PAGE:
Meditation at Murarrie (61 x 45 cm)
Even as a youngster the artist loved horses. He loved Australian rural life and appreciated the scenes around him. He lived at Murarrie in the latter part of the 1970’s, and in this landscape he used the ‘rule of thirds’ horizontally and vertically, to place the principal (horse) and secondary subjects (buildings) on these imaginary horizontal lines.
The viewer’s attention focuses on the happily grazing horse in the left, central section of the painting. Its shadow, along with the tree’s shadow, is cast across the grass. The water in the dam or creek reflects the colour of the sky and the surrounding yellow-green grass. The horse’s mane glows in the mid-morning light.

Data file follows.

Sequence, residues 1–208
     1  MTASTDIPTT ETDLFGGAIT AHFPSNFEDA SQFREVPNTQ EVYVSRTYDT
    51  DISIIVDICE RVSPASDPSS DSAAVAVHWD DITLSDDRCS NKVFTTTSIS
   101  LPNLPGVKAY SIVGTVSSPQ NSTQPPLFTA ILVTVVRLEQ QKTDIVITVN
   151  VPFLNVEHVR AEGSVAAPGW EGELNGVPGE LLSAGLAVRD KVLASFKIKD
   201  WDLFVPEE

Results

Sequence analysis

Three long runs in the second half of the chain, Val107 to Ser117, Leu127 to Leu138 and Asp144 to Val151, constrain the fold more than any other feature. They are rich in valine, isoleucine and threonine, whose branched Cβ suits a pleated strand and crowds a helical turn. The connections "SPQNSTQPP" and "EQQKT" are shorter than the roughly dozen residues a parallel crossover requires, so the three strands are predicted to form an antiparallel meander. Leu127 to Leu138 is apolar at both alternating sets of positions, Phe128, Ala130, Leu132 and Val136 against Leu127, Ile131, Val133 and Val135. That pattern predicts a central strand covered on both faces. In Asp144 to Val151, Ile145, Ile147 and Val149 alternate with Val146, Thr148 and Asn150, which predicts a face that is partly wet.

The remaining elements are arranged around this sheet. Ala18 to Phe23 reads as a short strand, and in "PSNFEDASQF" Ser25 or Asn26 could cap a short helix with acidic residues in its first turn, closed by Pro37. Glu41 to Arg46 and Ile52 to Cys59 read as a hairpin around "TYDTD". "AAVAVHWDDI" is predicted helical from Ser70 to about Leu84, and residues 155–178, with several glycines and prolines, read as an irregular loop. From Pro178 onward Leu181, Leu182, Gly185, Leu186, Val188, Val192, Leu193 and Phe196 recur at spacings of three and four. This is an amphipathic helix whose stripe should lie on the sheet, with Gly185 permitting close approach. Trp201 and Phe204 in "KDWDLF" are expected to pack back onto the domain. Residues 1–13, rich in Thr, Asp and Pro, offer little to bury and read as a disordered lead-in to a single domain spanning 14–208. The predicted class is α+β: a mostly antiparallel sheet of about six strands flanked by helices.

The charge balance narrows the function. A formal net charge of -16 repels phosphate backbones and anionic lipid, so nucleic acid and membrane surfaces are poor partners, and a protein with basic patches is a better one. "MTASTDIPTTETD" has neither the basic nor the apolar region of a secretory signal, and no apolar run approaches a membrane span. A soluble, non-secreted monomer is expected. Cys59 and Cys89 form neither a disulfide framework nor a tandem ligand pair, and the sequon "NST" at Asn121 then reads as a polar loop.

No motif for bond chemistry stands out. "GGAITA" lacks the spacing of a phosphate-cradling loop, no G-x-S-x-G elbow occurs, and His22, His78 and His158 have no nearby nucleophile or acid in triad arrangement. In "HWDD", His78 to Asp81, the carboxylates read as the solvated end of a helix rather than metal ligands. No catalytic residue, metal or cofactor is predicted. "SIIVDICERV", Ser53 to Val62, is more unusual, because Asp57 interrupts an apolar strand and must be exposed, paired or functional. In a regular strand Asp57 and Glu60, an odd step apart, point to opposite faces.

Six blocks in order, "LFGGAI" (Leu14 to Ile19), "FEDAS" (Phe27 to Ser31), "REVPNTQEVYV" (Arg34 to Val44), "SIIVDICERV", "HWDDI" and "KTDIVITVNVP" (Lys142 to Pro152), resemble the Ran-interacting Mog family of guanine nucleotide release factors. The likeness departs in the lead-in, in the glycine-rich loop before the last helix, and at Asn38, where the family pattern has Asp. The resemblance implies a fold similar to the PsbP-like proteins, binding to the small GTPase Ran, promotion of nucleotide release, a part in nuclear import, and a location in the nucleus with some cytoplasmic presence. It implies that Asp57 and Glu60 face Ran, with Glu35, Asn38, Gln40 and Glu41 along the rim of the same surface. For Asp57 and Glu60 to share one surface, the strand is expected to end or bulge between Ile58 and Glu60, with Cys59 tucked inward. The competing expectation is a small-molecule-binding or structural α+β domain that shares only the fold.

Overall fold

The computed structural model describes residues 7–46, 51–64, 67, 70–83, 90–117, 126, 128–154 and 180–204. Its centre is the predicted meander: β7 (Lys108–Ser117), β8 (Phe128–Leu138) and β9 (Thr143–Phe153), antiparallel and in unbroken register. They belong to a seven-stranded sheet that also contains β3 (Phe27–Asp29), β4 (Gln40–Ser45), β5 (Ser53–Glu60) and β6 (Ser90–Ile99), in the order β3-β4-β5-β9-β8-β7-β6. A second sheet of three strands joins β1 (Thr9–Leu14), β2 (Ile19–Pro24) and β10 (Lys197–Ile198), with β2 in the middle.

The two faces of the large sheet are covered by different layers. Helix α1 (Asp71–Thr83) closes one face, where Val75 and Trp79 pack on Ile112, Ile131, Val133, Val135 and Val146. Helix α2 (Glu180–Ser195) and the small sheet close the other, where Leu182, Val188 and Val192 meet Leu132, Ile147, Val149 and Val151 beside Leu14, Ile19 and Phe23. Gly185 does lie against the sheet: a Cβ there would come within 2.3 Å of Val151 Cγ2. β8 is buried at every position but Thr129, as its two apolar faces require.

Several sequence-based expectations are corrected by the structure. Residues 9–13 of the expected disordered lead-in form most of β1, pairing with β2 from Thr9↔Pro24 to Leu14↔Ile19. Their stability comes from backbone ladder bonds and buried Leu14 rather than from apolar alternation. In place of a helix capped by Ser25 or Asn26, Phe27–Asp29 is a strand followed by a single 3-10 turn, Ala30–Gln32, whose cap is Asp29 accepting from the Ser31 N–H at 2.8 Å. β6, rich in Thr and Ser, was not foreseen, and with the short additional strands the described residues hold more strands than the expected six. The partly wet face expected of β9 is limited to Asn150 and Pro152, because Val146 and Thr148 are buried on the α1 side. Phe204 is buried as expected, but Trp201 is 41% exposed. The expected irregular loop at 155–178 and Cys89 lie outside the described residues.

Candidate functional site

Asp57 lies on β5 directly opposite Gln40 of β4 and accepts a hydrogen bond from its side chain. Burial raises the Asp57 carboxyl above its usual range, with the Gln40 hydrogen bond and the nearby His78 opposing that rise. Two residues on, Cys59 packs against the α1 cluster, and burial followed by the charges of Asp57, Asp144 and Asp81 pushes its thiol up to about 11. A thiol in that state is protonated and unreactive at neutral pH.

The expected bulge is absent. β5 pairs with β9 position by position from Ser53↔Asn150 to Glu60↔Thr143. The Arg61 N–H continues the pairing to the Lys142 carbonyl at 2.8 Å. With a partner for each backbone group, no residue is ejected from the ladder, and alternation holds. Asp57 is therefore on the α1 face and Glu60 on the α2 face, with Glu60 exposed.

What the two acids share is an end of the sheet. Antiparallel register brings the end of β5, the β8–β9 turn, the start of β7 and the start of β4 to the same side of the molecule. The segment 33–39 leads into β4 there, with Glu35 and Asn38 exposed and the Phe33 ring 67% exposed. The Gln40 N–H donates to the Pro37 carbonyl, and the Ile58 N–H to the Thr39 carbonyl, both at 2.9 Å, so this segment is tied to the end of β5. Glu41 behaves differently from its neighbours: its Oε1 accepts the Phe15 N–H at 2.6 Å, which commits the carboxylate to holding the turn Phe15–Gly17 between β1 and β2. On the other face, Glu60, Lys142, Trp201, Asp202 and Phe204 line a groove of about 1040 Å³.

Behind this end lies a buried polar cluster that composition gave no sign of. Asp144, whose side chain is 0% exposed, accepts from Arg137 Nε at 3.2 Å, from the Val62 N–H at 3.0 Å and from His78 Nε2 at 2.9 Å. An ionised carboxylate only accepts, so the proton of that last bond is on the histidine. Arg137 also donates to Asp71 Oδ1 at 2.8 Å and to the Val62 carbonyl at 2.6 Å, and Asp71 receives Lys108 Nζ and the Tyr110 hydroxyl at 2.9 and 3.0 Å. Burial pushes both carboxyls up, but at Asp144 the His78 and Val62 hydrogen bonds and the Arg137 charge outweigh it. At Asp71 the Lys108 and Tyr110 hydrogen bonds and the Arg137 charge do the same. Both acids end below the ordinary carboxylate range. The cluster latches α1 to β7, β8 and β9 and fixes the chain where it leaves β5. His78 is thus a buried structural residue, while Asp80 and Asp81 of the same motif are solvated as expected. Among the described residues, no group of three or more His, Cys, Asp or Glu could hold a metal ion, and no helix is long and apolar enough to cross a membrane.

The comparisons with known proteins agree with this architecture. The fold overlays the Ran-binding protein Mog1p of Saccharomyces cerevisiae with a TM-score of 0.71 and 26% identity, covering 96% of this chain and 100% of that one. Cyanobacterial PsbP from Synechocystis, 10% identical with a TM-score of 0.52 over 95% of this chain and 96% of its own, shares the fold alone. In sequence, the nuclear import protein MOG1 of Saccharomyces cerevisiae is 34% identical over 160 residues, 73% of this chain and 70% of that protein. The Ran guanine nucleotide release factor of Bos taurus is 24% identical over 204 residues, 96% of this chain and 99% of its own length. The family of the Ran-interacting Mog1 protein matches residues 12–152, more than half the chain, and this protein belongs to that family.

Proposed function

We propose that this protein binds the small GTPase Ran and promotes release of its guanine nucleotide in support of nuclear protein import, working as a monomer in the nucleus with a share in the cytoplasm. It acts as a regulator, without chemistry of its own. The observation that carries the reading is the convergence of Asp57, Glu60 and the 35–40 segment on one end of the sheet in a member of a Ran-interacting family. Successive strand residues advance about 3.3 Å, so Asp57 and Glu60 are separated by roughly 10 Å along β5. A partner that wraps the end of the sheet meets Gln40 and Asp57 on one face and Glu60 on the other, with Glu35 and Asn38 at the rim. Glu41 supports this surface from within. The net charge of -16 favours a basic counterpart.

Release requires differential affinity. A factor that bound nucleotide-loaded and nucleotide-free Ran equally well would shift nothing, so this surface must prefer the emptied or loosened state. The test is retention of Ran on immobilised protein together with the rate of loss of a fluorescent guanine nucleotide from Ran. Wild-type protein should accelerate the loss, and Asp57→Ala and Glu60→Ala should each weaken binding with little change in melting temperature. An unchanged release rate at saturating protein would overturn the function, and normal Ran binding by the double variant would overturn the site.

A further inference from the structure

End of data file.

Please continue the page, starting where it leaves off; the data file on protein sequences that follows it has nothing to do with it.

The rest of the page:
The colour transition from the mid tones of the central section, behind the building, through to the soft tones of the hazy mountains and sky, assists in giving the painting a sense of visual depth, or distance.
The sheets of iron on the building, or worship centre, have been created by overpainting the original layer of paint. The artist used diagonal brush strokes, and applied a slightly darker shade of violet-red and brown. A symbolic Christian cross has been placed on the building, (possibly at a later date). Interestingly, horses have been regarded as emblems of spiritual renewal.
The soft, hazy tones of the mountains give a relaxed feel to this harmonious painting.
It is a well-planned, tidy, uncomplicated painting. Much time and effort was taken in placing colourful dots (stippling) and dabs of paint that form the grass and small trees. The white, wooden post and fence railings seen in the foreground, are synonymous with horse studs.
Acrylic on Masonite, mid-career. (Cleaned and framed.)